Hackney Marshes closely follows Wembley Stadium as being deeply established in the English game and is heavily ingrained in English society as being synonymous with the working class roots football is embedded in.
As Roy Hodgson’s England squad prepared for their opening World Cup encounter with Italy, England goalkeeping legend Peter Shilton was down at the famous playing fields to school a select few, including myself on how to take the perfect penalty.
So how do you take the ‘perfect penalty’ you may ask, and more pertinently from Shilton’s point of view how do you go about saving one?
“Be positive, be confident, be single minded, and believe—if you’re a goalkeeper—that you are going to save one.” And on how his successor in the England goalkeeping jersey should approach spot kicks in Brazil:
“It’ll be interesting to see if Joe Hart changes his tactics a little bit. I think he has to. You can’t just keep going early [off the line] all the time, but then you can get lucky. That’s the nature of shoot outs.”
Personally, Shilton’s words of wisdom, which included having a positive mentality, visualising the goal and using mind games to outdo your opponent did seem to help as I dispatched all but one of my spot kicks, however the same could not be said for some of the other bloggers and writers at the event.
Having made over 1,000 appearances for both club and country Shilton stressed the importance for England to hit the target and make the keeper do the work. This is a nation that has only triumphed once in their last eight penalty deciders dating back to Italia ’90.
“I think the biggest thing is not defeating ourselves with poor penalties, missing the goal and letting the pressure get to us. If the keeper makes a save, fair enough, but let’s not beat ourselves with a poor penalty.”
Talk soon turned to the inevitable, the World Cup which was beginning later that evening with curtain-raiser, Brazil vs Croatia. After all, Shilton does hold the record for the most clean sheets at football’s chief international tournament, alongside Frenchman Fabian Barthez with a flawless ten game impregnable streak.
However at this years tournament current World Cup holder and Spain number one Iker Casillas could usurp this feat with four more clean sheets of his own. Shilton spoke before Casillas’ contributed to Spain’s insipid 5-1 defeat to the Netherlands, not surprisingly keen this record stayed intact; “I hope not. He could do, but I hope not. I’m quite proud of that.”
After muscling out Gordon Banks in the Leicester side as a 16 year old, Shilton went on to make 125 International appearances, playing at the Euros in 1980 and 1988 as well as three World Cups in 1982, 1986 and 1990. Despite not imposing himself fully on the national stage until later in his career, Shilton’s longevity is a trait to admire and one which has given him a rather unique take on this era’s set of goalkeepers.
“The pace of the game. I think it’s very fast now: from one end of the pitch to another. I think the balls are lighter now. You can get used to the balls moving faster but they’re still a bit more difficult to catch. They move in the air. Set plays: now every free-kick you get is a direct shot on goal. It never used to be like that. If you got in a dangerous position on the edge of the box you’d have a little pop, or they’d play it in, and someone would have a shot. Now, they just want to shoot every time, even if they’re 30 yards out. Set plays have always been difficult but I think maybe now they’re probably as difficult as they have been for keepers.”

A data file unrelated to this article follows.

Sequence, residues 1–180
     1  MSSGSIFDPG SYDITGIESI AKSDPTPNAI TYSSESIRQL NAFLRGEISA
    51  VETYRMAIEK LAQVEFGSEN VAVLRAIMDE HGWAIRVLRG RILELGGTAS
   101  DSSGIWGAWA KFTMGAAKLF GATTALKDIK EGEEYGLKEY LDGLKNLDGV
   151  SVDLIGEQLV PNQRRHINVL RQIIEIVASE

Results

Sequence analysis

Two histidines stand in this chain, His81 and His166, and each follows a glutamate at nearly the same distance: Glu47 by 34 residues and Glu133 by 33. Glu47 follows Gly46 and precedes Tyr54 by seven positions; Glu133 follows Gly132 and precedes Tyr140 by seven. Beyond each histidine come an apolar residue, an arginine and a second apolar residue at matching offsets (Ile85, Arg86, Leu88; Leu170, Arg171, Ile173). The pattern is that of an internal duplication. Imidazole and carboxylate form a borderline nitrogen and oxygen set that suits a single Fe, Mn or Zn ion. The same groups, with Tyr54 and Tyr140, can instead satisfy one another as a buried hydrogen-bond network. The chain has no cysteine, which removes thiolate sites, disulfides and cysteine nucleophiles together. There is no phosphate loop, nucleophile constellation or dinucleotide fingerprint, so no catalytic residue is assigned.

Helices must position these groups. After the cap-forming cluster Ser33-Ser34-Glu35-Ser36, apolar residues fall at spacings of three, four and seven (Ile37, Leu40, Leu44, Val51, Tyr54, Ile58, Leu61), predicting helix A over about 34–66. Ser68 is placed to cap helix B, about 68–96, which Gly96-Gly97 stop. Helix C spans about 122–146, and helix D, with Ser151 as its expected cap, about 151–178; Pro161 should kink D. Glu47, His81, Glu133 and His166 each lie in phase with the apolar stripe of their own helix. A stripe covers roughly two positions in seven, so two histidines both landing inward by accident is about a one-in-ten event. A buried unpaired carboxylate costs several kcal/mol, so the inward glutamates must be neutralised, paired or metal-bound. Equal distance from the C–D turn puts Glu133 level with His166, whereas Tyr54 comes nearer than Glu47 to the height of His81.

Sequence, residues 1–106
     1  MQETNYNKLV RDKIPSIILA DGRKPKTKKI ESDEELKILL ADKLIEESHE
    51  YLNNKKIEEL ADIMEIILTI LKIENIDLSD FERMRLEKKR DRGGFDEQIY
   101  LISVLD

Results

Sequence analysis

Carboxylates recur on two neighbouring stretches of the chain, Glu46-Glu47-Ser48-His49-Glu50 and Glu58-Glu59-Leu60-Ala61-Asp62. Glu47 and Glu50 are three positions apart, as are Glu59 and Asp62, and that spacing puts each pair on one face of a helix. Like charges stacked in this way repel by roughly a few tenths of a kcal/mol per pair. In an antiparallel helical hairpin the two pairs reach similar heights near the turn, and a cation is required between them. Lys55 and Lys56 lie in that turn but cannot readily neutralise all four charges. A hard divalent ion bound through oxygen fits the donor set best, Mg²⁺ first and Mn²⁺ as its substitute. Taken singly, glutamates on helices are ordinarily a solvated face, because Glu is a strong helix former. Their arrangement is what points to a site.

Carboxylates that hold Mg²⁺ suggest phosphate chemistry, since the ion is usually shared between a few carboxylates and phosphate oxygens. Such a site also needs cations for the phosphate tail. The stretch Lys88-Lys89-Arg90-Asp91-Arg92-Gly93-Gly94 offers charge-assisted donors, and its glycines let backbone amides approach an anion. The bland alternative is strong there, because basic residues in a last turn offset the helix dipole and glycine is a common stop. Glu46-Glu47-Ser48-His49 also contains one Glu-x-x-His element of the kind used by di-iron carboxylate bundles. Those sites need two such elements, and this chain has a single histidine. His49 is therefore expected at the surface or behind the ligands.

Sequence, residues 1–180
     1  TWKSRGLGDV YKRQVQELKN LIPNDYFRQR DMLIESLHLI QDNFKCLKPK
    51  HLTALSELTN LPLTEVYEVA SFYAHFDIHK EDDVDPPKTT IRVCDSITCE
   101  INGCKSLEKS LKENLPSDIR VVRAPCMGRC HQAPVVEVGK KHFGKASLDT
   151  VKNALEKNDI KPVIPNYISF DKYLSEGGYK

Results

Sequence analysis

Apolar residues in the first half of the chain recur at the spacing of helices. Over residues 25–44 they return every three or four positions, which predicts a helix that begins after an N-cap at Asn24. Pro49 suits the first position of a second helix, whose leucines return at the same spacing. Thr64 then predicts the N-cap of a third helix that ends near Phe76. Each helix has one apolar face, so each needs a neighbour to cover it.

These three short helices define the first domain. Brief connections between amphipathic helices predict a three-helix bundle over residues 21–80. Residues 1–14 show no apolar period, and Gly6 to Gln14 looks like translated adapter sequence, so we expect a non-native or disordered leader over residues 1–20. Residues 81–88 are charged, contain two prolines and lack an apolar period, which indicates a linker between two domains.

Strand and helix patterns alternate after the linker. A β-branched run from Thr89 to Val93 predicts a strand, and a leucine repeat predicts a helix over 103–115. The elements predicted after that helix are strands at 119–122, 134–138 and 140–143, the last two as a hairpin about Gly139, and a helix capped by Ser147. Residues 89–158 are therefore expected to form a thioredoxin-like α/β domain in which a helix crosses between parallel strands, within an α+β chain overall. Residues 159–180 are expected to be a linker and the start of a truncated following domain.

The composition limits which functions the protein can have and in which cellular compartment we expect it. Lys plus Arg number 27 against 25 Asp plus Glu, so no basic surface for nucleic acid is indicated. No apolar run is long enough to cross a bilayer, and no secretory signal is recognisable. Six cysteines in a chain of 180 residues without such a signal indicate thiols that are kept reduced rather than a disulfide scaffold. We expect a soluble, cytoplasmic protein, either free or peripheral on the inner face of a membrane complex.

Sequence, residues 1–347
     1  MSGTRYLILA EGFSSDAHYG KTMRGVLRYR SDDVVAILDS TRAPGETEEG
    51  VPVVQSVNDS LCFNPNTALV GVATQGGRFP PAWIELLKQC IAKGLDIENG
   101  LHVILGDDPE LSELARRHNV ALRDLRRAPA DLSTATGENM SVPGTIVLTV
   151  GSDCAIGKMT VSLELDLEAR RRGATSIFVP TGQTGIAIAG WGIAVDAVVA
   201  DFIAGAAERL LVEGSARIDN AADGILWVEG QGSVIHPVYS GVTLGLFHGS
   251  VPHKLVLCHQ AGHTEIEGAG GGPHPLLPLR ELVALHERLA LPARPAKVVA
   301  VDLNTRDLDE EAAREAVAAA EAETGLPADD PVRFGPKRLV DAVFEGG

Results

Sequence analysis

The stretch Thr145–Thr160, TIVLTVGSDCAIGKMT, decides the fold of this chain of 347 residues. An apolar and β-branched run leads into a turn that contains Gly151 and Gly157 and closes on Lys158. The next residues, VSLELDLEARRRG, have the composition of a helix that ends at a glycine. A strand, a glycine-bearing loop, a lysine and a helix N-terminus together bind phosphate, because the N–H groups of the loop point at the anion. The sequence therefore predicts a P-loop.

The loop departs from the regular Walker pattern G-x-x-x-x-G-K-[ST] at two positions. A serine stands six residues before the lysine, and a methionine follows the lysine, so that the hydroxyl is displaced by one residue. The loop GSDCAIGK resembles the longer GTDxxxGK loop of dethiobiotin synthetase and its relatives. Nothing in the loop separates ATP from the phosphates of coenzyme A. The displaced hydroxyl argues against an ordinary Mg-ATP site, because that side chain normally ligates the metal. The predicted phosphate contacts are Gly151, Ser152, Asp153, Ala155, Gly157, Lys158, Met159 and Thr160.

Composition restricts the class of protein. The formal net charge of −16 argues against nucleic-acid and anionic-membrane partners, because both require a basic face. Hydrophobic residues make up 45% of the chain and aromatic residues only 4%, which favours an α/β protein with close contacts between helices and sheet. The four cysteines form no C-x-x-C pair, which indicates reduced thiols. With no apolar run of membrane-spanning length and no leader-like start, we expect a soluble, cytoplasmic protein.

Ability, bottle, nerve these are three qualities Shilton felt are integral for a World Cup goalkeeper to possess if they desire to become a great. He followed this up by revealing;
The crowd don’t exist: wherever the ball or the opposition is on the pitch you’ve just got to keep it out of the net. Plus you want to be helping the rest of the players. You want to be a leader as well as a keeper which is what I like about Joe Hart. He does take responsibility and he does show a bit of confidence, and I like that in goalkeepers. You need to give your players a bit of confidence. You need to organise them because you can see everything, and see things early.
“You do rely on your defenders. If the people around you let you down, you could concede, but basically, you have to deal with keeping that ball out of the net. That’s all there is to it, whatever it takes. Good talking: that was my first line of defence, my talking and my relationship with the defenders. Not just rollicking them. I used to say, “what a great header that was”, “what a great tackle that was”, building them up. I used to walk off the pitch sometimes and I hadn’t had a shot to save, and people used to say “oh, you had it easy today”. No I didn’t. I stopped three or four situations happening just by talking, but you didn’t see it. That was a good game for me.”
England’s most capped player feels the likes of Manuel Neuer of Germany and Italy’s Gianluigi Buffon will be the most solid and stoic of the lot. But he did make a point of picking out Chilean keeper Claudio Bravo, his admiration coming from his unerring display against England at Wembley where Bravo was passing the ball over 60 or 70 yards – likened to Glenn Hoddle in his prime.
All in all this was a day to celebrate and take in all it had to offer with England legend Shilton leading the way with his expert insight.
Peter Shilton was speaking at the Betfair’s Perfect Penalty masterclass, teaching bloggers how to take the perfect penalty ahead of this summers World Cup.